The Education Foundation’s Bookworms program is getting an upgrade with the addition of an art element next school year.
Celeste Potter, foundation director, said it comes courtesy of a partnership with the Ellen Noel Art Museum.
“The Bookworms literacy program gives a free book every month to students in the district in grades pre-k, kinder and first grade. Next year for the ‘21-22 school year, we’re going to be partnering with the museum to bring an art component to every story. So for every book that we provide the children, the art museum is putting together an art activity,” Potter said.
The initiative will offer art to ECISD’s prekindergarten, kindergarten and first grade classes.
“It also gets those students ready for the Art to Go program that’s funded by the art museum in the second grade. And it’s also a great opportunity for volunteers, because not only will I need a volunteer to go into the schools next year and read that story, I’ll need another volunteer to go in and do this hands-on art activity that ties to the story,” Potter said.
Art to Go is a program from the Ellen Noel that brings art into ECISD schools starting in second grade.
“This will just be a great resource to really introduce the students to those concepts that they’ll need in the second grade. That way … we’ll just jump right in and know exactly what’s going on. And all of these activities are not going to be very complex because we’re dealing with pre-k, kinder and first grade students. So it might be construction paper and glue and scissors,” Potter said.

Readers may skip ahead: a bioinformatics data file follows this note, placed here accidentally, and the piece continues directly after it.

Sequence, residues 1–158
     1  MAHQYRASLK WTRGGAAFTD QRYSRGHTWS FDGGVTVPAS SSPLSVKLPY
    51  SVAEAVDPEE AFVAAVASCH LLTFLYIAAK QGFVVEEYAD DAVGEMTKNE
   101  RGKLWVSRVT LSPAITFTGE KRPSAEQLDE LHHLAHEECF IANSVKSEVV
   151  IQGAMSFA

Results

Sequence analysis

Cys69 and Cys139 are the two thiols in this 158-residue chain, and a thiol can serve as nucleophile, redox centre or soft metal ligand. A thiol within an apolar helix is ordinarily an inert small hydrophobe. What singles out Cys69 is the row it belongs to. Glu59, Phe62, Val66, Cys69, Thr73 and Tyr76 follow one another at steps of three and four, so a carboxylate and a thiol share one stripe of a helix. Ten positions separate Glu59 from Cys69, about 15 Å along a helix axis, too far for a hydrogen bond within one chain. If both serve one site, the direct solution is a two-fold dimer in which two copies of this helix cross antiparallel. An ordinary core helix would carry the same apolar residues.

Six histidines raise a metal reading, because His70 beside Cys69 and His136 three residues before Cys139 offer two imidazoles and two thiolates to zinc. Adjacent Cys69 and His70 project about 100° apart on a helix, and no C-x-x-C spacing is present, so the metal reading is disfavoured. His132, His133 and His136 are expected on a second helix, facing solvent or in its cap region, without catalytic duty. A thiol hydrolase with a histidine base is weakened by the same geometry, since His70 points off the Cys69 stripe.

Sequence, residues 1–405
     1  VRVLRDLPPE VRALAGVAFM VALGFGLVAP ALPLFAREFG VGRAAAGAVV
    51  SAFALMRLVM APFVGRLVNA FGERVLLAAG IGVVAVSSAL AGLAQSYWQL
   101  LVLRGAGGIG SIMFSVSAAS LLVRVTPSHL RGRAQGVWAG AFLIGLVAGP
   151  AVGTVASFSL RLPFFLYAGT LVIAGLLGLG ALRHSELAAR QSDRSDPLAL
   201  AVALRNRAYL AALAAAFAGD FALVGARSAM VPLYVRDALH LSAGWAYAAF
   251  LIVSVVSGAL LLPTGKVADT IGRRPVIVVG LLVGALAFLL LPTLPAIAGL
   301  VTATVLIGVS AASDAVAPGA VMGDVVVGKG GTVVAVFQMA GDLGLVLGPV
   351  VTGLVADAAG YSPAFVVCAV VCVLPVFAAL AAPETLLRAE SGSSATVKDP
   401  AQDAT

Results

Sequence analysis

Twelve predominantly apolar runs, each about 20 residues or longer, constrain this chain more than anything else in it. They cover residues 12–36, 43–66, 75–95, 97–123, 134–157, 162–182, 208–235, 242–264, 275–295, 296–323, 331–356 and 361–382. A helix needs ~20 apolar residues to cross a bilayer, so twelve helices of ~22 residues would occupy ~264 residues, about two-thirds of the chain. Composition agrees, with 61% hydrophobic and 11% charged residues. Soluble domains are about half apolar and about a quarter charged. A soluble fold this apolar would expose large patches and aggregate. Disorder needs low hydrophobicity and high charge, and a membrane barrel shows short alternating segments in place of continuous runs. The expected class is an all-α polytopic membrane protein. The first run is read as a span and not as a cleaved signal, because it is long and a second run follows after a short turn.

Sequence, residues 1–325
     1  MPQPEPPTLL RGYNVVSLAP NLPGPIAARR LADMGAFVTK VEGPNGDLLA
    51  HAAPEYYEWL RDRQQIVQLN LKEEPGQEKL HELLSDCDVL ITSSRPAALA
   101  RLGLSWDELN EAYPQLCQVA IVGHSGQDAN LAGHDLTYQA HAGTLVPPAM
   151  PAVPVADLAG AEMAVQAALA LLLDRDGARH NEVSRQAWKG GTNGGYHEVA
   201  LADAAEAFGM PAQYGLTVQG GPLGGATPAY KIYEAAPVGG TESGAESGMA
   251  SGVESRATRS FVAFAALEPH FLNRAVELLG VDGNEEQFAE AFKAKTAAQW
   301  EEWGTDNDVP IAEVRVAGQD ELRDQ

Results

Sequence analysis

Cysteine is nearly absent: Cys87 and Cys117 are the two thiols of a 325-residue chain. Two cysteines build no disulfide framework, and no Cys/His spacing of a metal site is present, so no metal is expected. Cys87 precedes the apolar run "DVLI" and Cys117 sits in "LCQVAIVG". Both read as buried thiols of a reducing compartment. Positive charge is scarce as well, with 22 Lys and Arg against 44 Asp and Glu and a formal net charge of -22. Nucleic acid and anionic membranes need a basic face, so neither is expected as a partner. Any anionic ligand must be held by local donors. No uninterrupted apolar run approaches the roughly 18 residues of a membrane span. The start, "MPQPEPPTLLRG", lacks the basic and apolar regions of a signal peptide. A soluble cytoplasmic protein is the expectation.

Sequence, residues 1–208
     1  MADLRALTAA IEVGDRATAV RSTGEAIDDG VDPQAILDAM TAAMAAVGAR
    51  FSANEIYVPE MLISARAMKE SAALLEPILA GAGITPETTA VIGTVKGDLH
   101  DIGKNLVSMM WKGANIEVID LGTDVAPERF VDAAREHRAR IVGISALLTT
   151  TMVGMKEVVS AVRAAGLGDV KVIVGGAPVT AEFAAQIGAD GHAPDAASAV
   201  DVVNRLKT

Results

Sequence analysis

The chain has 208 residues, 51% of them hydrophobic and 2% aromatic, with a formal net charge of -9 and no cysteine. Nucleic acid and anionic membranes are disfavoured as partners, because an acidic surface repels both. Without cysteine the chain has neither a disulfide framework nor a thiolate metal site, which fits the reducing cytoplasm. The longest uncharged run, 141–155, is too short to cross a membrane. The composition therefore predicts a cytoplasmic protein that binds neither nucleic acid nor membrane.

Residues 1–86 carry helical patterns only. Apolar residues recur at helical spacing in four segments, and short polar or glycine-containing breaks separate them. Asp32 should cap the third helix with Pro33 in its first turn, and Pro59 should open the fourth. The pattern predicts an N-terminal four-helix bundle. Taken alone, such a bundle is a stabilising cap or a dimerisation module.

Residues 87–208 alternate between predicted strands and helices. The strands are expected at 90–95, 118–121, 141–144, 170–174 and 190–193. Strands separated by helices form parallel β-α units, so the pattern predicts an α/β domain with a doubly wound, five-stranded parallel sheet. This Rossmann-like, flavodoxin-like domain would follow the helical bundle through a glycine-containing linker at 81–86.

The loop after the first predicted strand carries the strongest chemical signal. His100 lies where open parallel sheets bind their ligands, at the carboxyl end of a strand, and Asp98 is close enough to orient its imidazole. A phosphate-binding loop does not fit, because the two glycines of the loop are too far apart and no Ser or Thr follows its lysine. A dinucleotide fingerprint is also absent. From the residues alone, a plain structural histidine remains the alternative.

She added that museum Educator Annie Stanley already has a list of the books they have started purchasing for next year and will be building the projects. Potter said the foundation will provide all of the supplies.
“We are planning to impact 9,000 students. That’s what we’re working toward. This will include the 3 year olds that are coming to ECISD in partnership with the YMCA, and it will also include the kindergarten, first grade students at IDEA charter school that’s partnering with the district as well,” Potter said.
The books are being purchased through Scholastic at $1 each. “So 9,000 kids, $9,000 bucks a month, with the art supplies we’re averaging $5 a student per month,” she added.
This will be completely funded by the Education Foundation.
Bookworms is meant to be interactive and not just an occasion when someone comes to read a story to the students.
“… We want this book to become what the district is calling an anchor book, meaning the kids will touch, read and feel this book five times before it goes home. So you’ll have a volunteer reader come in and read the story; you’ll have an art component; you’ll have a writing component; that might be a worksheet. For example in pre-k, if they’re reading the Little Sunflower it might be practicing writing an uppercase and lowercase ‘S’for sunflower; kindergarten maybe writing the word sunflower; in first grade (it) would be building a sentence, and then there’ll be two other readings in the classroom with the teacher …, however the teacher wants to do it,” Potter said.
“We’re working very closely with the district to provide training for all of our teachers impacted through this program in the summer right before school begins so that they understand this valuable resource that’s coming to their classroom and how they can utilize it for student success,” she added.
Complex Community Federal Credit Union puts a donation sticker on every book and prepares them for the schools.
May 18 is Permian Basin Gives Day. On that day, every dollar the Education Foundation receives is going toward supporting this program, whether that’s purchasing the books, the art supplies or whatever else is needed.
Saulsbury Industries is going to match the donations to the foundation that day up to $500.
“If you give us $1 that day, it turns into $3,” Potter said.
One of the foundation’s biggest fundraisers, a concert, was not held last year and won’t be held this year due to COVID so the organization needs extra help. It also has hired a grant writer.